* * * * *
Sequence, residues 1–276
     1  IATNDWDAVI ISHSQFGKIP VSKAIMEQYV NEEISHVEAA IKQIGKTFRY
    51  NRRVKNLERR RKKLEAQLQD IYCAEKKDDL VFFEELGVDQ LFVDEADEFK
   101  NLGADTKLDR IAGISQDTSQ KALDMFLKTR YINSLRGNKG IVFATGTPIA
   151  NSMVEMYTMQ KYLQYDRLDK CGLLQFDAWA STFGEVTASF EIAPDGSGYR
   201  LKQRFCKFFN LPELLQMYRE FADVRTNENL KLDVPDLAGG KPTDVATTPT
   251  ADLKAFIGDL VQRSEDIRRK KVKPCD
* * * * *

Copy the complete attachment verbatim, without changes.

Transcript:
Sequence, residues 1–276
     1  IATNDWDAVI ISHSQFGKIP VSKAIMEQYV NEEISHVEAA IKQIGKTFRY
    51  NRRVKNLERR RKKLEAQLQD IYCAEKKDDL VFFEELGVDQ LFVDEADEFK
   101  NLGADTKLDR IAGISQDTSQ KALDMFLKTR YINSLRGNKG IVFATGTPIA
   151  NSMVEMYTMQ KYLQYDRLDK CGLLQFDAWA STFGEVTASF EIAPDGSGYR
   201  LKQRFCKFFN LPELLQMYRE FADVRTNENL KLDVPDLAGG KPTDVATTPT
   251  ADLKAFIGDL VQRSEDIRRK KVKPCD